Out of Pocket Costs 

Patients depending on specialty medications to treat arthritis and/or other chronic health decisions are being burdened by surging copays and out of pocket costs. Let's review potential solutions.

The Issue

  • Pharmacy benefits have historically come with fixed copays for different tiers of medications. As an example, the copayments might be set at $10/$20/$50 for the three tiers. Some health insurance policies are now moving vital medications (mostly biologics) into a fourth or higher specialty tier. Specialty tiers require people with arthritis and other conditions to pay a percentage (co-insurance) of their drug cost—often 25 percent to 50 percent—rather than a fixed dollar amount.  
  • High cost-sharing is a barrier to medication access for people with chronic, disabling, and life-threatening conditions. Cost-sharing for prescription medications should not be so burdensome that it restricts or interferes with access to necessary medications, which can lead to negative health outcomes and additional costs to the health care system. 
  • Since many people with arthritis also suffer with chronic diseases such as diabetes or heart disease, their monthly expenditures can include several types of specialty medications.

The Solution

  • Cap the cost of a 30-day (one-month) supply of any single prescription medication and cap the total aggregate monthly out-of-pocket cost for all prescription medication.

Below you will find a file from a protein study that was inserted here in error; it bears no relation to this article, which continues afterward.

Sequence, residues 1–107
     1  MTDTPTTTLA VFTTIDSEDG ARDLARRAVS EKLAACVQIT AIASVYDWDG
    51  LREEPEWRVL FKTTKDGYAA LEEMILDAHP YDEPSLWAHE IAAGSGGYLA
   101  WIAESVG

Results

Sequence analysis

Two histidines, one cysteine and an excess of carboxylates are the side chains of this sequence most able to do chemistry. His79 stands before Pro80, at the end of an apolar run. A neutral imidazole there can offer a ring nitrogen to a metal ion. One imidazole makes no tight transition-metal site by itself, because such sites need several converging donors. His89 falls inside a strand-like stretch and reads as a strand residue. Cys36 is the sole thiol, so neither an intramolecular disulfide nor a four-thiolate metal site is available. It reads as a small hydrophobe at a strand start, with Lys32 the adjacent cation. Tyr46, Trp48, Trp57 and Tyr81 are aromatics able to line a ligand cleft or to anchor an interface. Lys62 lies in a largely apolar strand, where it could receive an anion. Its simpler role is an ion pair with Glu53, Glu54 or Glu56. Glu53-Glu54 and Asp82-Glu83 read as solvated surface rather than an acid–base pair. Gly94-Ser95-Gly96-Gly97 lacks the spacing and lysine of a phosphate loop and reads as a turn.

• Limit the total annual out-of-pocket expenditures for all prescription medications.  
  • Increase the number of co-pay only plans without more costly co-insurance requirements.  
  • Let patients spread out payments on their deductible to avoid facing the full cost of their deductible in the first months of their plan year.

Current Trends

  •  With respect to the health care exchanges, an Avalere analysis indicated that consumers selecting “silver” plans saw a significant increase in the amount of coinsurance for specialty drugs. In 2017, 84 percent of silver plans sold charged coinsurance, up from 74 percent in 2016. On average, coinsurance also increased from 34 percent in 2016 to 37 percent for silver plans in 2017.   
  • Co-insurance and specialty tiers are becoming more common in Medicare and employer sponsored plans. In 2015, all Medicare Part D plans used specialty tiers in their formularies for the first time. Currently, there is no out-of-pocket cap in Part D.  
  • In a 2016 Kaiser Family Foundation Employer Survey, 84 percent of employees worked at a company with three or more tiers of prescription drugs in their largest health plan. Further, 32 percent of those surveyed had plans of four tiers or more. The difference between tiers is often significant—with average copayments of $11 for first-tier drugs, $33 for second-tier drugs, $57 for third tier drugs and $102 for fourth-tier drugs. Coinsurance rates were no different—with average rates of 17 percent for first-tier drugs, 25 percent for second-tier drugs, 37 percent for third-tier drugs and 29 percent for fourth-tier drugs.  
  • In Congress, there are two bills that would cap out-of-pocket prescription drug costs: the Patients' Access to Treatments Act addresses out-of-pocket limits in commercial plans, and the RxCAP Act addresses out-of-pocket limits in Medicare Part D.   
  • To date, 6 (six) states have addressed out of-pocket limits through legislation.  
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